While the legends said that the stone could only be activated by the one true king of Ireland, by the 9th century, the royal poetess Ciara ingen Medba activated the stone as the last known member of the bloodline. Enraged by High King Flann Sinna's decision to outlaw druidic paganism in favor of Christianity, Ciara took control of his soldiers using the stone. However, after she was confronted by both Flann and the Viking jarlskona Eivor Varinsdottir of the Raven Clan, Ciara was convinced to put an end to her plot and the Lia Fáil was subsequently shattered. What was left standing was only a remnant of the original stone.
When Ciara connected herself to the Lia Fáil, it endowed her with many advanced abilities. She could take possession of people's minds, generate illusions, conjure up ethereal apparitions of the Children of Danu's High Druids to further power the stone, unleash energy sprouts which drained victims of their vitality, and could even use the illusionary effects to mask her appearance. It also imbued her with greater combat ferocity and speed.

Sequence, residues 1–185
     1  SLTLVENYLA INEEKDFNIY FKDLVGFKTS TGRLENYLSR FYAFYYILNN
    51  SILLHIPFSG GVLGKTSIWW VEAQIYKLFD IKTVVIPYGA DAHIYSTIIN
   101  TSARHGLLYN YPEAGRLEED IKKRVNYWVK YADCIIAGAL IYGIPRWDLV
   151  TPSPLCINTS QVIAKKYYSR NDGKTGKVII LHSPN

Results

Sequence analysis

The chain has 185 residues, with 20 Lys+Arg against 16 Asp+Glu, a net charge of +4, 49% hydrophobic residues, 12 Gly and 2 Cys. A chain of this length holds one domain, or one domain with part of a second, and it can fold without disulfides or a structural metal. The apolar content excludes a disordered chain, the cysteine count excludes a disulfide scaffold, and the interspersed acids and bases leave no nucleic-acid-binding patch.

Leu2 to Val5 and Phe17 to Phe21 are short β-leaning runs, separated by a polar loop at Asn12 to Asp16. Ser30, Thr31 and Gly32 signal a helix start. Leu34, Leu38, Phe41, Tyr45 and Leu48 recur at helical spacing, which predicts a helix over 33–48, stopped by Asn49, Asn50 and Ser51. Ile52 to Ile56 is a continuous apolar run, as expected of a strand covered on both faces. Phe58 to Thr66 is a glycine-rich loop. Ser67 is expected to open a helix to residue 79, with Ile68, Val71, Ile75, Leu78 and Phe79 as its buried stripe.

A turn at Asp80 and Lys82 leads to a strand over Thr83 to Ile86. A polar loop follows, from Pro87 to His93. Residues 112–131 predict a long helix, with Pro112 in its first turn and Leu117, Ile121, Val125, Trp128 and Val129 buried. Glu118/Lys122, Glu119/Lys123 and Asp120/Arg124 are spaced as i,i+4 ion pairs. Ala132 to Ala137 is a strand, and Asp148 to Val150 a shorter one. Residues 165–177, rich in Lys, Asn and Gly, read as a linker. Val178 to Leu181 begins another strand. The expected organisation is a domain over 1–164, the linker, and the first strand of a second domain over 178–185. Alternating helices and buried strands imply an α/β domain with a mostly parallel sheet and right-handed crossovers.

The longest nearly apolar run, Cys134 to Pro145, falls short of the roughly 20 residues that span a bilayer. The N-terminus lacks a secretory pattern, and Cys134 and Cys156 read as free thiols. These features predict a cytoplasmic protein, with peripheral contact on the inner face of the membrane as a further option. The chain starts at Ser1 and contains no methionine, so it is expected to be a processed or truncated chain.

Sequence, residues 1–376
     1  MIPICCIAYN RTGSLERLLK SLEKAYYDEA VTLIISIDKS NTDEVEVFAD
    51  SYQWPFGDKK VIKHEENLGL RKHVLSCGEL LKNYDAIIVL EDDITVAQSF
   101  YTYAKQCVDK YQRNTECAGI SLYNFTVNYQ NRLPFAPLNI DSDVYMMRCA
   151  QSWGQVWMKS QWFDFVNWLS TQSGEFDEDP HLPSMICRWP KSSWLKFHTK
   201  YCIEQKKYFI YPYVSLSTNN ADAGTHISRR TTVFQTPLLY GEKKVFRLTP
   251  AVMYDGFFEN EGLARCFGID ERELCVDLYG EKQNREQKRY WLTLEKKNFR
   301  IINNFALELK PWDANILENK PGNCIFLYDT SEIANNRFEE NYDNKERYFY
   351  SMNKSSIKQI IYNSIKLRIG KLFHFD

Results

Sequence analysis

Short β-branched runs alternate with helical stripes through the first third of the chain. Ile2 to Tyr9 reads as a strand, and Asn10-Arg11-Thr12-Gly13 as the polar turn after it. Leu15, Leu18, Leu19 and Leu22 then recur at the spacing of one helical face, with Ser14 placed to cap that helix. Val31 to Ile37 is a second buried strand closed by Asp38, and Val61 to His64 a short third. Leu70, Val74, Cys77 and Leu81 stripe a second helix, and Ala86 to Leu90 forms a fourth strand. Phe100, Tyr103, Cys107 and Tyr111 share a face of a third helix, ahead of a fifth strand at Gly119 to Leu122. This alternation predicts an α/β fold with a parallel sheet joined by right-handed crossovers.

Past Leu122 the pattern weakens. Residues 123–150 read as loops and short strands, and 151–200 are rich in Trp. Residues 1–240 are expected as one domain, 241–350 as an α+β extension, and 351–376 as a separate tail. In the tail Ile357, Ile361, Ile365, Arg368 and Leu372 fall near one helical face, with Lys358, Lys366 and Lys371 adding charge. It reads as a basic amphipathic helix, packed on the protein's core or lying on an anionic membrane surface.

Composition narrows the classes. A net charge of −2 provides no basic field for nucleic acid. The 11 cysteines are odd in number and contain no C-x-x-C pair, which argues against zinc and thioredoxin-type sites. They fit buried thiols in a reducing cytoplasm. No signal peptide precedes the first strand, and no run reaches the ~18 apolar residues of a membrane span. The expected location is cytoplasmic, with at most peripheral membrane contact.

Behind the scenes
In Irish mythology, the Lia Fáil was said to be one of the four treasures left behind by the supernatural Tuatha Dé Danann which would shout when the rightful High King stood on it. It could also purportedly rejuvenate the king and bestow a long reign. As written in the Lebor Gabála Érenn, or the "Book of Invasions", the Lia Fáil was cleaved to its current height of 1 meter by a furious Cú Chulainn for refusing to call out when his foster-son Lugaid Riab nDerg was coronated. From that moment on, it remained silent for all other High Kings except for Conn of the Hundred Battles, the ancestor of Niall Noígíallach, and Brian Boru, the founder of the O'Brien dynasty following the Uí Néill's fall from power.